by James A. Bacon
Governor Ralph Northam has announced his appointees to an advisory committee tasked with making recommendations about adopting “culturally relevant and inclusive education practices” in Virginia’s public schools.
The committee will be led by three co-chairs: Sen. Jennifer Boysko, D-Herndon, who introduced legislation to set up the committee; Francisco Durán, Arlington County school superintendent; and Andrew Daire, dean of the Virginia Commonwealth University School of Education.
“Inclusive and culturally relevant learning environments are vital to creating equitable pathways to success for all Virginians,” Northam said in a press release announcing the appointments. (See the full list here.) “The work of this committee will advance our ongoing efforts to tell the complete and accurate story of Virginia’s complex past, improve our history standards, and give educators opportunities to engage in important conversations and lessons with their students.”
“When we teach an honest narrative of our past, students better understand their place in history and are equipped to work toward a better society,” said Secretary of Education Atif Qarni. “This committee will build on the work of the Commission on African American History Education to ensure the content taught in Virginia classrooms is accurate and inclusive of perspectives which have been historically marginalized.”
According to the Governor’s press release, the Culturally Relevant and Inclusive Practices Committee will develop recommendations for:
- Updating the History and Social Science Standards of Learning;
- Creating Board of Education guidelines for local school division staff, including teachers and school counselors, on age-appropriate anti-bias education for students; and
- Infuse “culturally relevant and inclusive education practices” into teacher preparation programs, teacher licensure, and licensure renewal.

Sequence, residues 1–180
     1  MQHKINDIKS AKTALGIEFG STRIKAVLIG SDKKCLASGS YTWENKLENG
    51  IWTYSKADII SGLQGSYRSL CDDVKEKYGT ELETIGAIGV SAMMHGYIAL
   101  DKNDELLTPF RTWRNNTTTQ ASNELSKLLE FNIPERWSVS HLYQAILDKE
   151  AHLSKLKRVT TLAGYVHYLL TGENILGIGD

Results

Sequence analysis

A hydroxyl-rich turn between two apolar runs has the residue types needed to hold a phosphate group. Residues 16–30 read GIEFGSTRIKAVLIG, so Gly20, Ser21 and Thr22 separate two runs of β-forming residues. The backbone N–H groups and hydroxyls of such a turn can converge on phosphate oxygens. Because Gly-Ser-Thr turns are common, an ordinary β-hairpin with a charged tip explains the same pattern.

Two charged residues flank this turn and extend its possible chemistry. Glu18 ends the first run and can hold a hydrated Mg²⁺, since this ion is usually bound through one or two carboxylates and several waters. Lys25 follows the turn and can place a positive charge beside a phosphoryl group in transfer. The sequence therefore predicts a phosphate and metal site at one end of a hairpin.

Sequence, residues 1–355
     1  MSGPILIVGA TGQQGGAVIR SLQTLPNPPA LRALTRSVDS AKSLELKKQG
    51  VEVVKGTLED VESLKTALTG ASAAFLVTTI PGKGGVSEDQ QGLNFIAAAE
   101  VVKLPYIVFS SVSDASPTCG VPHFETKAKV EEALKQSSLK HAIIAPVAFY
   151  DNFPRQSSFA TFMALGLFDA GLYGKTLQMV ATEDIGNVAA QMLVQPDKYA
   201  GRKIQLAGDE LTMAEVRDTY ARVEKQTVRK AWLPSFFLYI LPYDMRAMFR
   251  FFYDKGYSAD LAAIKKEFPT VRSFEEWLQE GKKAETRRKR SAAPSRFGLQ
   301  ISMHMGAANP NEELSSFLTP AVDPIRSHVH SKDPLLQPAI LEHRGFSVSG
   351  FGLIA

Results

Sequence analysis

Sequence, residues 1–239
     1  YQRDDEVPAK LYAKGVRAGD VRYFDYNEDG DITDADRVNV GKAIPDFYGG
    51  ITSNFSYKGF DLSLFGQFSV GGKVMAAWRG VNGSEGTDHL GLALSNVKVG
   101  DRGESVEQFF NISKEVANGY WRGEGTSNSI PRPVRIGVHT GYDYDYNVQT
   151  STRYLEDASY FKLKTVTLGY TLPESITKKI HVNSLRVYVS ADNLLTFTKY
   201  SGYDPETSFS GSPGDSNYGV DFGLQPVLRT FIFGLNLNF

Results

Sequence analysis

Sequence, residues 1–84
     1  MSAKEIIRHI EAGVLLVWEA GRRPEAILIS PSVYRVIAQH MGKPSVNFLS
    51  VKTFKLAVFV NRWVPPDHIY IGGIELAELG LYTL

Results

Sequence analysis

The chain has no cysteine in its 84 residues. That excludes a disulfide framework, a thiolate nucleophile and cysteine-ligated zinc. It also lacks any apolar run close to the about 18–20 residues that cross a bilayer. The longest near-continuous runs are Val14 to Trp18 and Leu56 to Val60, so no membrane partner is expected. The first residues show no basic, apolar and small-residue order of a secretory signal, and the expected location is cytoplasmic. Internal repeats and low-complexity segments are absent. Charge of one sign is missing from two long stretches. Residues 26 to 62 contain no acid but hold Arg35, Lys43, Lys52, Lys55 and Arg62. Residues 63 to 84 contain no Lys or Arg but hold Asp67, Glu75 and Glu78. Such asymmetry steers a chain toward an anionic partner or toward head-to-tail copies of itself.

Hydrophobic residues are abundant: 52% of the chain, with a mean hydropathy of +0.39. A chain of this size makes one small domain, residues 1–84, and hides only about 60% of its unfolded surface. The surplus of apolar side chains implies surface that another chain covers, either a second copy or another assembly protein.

Ignore the P.R. pabulum in the statements by Northam and Qarni. The committee is charged with issuing recommendations for overhauling school curricula, teacher guidelines, and teacher licensure, and it will be guided by the principles of Critical Race Theory (CRT), a philosophy that attributes unequal educational outcomes between racial/ethnic groups to white privilege/fragility and systemic racism.
If you doubt where this committee is heading, just read co-chair Daire’s “Statement addressing systemic racism” at VCU to get a sense of his ideological commitment to CRT. Says he: “We will continue to work toward better understanding implicit and institutional bias along with white fragility while we provide the opportunities for our school’s leadership to become anti-racist leaders.”
In the nomenclature of the left, “anti-racism” does not mean opposing racism, it means implementing reverse racism in order to rectify past injustices to minorities.
Bacon’s bottom line: This initiative will do nothing whatsoever to improve the academic performance of minority children in Virginia, and it will do nothing whatsoever to close the racial achievement gap. Insofar as it distracts from the real problems afflicting minority children, actions stemming from committee recommendations likely will make the achievement gap worse. But it will likely succeed in doing one thing: It will transform Virginia public schools into centers for leftist indoctrination.There are currently no comments highlighted.